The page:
The economic difficulties facing the U.S. dairy industry are well documented and have been reflected in efforts to provide relief in recent months. Congress approved $350 million in aid to dairy producers -- $290 million in direct payments and $60 million in the purchase of dairy products to help bolster the market.
USDA's Farm Service Agency (FSA) is now also taking extra steps to help dairy farmers who borrow from the agency for their operating capital and more.
According to a directive sent to state and county FSA offices, they note "many FSA direct and guaranteed dairy farm borrowers will find it difficult or impossible to survive this decline. FSA is committed to use all available authorities, consistent with prudent lending practices, to assist borrowers in surviving this period of short term unprofitability."
So what steps will FSA take?
Law currently allows repayment of annual operating loans to be scheduled beyond 18 months "under extenuating circumstances -- including recovery from economic reversal."
FSA says that if this option is used for operating loans, they:
- should be repaid in the shortest timeframe possible, and consistent with cash flow projections
- may be extended beyond 18 months, only when necessary for a feasible plan
- will not exceed seven years.
In determining whether to extend loans beyond 18 months, FSA stresses the loan must be secured by basic security. But FSA also cautions that going this route "can deplete borrower equity and reduce FSA's ability to provide additional loan assistance." For that reason, FSA cautions loan staff in the countryside to "have a candid discussion with borrowers about the implications of these payment structures for their operation.”
While many smaller producers have been able to get help via the Milk Income Loss Contract (MILC) program, FSA cautions that even thought MILC is authorized in law to run through 2012, "it is projected that milk prices combined with the 'feed cost adjuster' will not be low enough to trigger MILC payments in 2010."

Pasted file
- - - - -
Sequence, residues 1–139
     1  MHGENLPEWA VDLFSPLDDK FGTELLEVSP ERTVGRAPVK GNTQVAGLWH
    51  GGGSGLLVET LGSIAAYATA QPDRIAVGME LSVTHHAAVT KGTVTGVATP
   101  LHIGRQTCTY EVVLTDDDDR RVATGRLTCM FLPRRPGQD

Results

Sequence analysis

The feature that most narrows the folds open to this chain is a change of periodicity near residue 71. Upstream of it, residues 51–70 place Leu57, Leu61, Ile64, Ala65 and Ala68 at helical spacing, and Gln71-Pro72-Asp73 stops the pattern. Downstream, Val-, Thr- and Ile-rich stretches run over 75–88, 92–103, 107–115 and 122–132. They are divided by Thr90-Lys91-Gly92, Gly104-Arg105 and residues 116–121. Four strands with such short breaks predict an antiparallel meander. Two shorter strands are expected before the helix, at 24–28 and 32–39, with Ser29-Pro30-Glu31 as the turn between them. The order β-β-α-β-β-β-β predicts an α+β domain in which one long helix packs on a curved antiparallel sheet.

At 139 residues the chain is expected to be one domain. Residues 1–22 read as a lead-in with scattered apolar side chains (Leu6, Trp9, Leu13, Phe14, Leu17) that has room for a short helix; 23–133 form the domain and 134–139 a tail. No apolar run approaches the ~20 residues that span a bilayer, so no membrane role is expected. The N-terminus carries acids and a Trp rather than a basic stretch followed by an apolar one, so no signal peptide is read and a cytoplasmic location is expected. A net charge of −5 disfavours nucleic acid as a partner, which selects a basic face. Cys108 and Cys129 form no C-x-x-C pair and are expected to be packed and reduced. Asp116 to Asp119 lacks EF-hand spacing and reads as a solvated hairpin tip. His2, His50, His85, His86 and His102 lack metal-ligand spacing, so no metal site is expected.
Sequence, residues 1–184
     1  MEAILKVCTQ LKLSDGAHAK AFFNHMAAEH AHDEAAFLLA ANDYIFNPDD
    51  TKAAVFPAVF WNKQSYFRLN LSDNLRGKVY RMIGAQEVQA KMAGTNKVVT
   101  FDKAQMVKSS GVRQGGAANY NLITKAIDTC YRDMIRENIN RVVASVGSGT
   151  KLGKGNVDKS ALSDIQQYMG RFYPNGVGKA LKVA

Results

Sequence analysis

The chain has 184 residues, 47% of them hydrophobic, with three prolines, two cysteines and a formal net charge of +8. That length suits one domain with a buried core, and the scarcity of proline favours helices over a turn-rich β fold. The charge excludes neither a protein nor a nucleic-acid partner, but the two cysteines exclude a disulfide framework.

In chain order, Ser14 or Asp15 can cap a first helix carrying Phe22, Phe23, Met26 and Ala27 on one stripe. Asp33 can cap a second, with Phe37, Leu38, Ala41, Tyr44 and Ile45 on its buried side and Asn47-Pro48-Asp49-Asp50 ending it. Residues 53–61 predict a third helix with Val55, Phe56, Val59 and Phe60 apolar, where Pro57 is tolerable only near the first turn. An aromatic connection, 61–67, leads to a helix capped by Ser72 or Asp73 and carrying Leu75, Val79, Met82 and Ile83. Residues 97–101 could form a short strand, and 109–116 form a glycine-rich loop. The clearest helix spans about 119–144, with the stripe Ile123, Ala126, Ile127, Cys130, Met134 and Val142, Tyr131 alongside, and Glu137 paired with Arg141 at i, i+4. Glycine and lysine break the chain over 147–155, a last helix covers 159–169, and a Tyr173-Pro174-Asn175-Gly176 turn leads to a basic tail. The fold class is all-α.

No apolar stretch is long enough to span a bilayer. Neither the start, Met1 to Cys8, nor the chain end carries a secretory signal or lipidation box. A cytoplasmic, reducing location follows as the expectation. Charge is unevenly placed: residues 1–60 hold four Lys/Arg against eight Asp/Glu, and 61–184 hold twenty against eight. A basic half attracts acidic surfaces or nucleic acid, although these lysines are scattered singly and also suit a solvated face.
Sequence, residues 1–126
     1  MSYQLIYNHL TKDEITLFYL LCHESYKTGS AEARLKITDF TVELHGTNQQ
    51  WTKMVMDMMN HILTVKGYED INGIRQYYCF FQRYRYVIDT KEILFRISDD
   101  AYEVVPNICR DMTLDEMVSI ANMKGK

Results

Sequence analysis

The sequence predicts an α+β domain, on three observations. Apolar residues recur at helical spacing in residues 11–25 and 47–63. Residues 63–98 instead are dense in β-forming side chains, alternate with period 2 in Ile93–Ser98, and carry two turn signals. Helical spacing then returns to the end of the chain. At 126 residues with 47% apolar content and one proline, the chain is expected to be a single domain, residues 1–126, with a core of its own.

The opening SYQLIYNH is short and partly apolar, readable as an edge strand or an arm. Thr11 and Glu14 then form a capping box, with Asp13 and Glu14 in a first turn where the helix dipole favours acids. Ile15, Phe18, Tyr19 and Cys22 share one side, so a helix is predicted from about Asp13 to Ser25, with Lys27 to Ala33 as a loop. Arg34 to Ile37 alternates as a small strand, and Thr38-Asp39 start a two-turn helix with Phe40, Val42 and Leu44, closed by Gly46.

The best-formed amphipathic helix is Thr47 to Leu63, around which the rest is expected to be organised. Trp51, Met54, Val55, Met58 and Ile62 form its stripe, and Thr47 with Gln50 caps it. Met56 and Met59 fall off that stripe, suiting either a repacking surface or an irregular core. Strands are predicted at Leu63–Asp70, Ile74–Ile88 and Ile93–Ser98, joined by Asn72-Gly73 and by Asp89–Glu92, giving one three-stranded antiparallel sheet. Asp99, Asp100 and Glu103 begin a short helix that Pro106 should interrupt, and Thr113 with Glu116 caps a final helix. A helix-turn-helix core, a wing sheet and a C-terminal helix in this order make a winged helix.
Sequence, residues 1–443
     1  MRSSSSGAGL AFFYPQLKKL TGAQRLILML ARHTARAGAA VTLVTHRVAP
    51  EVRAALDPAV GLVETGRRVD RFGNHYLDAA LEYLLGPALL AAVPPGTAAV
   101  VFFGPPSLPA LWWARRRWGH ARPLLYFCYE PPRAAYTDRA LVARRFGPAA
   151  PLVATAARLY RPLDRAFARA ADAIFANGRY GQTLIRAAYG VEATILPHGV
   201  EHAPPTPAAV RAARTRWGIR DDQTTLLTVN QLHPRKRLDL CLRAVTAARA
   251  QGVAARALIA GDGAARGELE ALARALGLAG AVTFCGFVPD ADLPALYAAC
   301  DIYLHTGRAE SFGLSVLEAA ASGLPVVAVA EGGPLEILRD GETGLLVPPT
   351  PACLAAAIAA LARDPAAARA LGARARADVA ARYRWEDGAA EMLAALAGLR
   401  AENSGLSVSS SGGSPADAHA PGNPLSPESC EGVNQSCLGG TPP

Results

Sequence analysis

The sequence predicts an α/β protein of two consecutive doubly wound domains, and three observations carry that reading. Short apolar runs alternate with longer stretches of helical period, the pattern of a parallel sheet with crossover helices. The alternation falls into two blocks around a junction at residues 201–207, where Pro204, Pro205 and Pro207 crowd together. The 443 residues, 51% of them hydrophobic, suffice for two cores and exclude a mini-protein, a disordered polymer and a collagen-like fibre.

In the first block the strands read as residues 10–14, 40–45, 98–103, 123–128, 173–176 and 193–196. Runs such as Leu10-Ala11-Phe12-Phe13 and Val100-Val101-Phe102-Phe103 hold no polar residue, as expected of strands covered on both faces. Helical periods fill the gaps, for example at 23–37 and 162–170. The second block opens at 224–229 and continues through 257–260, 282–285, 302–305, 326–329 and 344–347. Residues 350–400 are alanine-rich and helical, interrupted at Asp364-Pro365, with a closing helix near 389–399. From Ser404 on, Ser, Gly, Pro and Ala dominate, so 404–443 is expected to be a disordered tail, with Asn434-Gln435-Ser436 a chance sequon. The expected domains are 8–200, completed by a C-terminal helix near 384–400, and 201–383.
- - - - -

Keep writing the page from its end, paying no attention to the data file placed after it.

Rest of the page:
FSA also says that proceeds from milk sales that are usually earmarked for farm loan program debt reduction can be released for "essential family living or farm operating expenses."
Also, for those borrowers in financial distress or who request debt restructuring, FSA said that can be done while the borrower is still current "if it would help retain their satisfactory credit rating." They further note that all restructuring options available for distressed borrowers will be considered, including the following:
- deferral for one to five years.
As for guaranteed loans, FSA said that law allows for lenders to schedule repayment of annual operating loans and lines of credit for up to seven years when recovering from an economic reversal and to schedule unequal installments on term loans if needed to recover from an economic reversal.
"These extreme measures are authorized to assist dairy producers with long-term viability in obtaining operating capital in these difficult times," FSA said, noting the policies are "temporary and should be used with care and caution." The requirement to use a "feasible plan" still applies and lenders are directed to "structure repayment over the shortest period of time practical, based on these cash flow budgets."
If your county office has any questions, ask them to refer to National Notice FLP-554 for more information.
Roger Bernard is Farm Journal Policy & Washington Editor.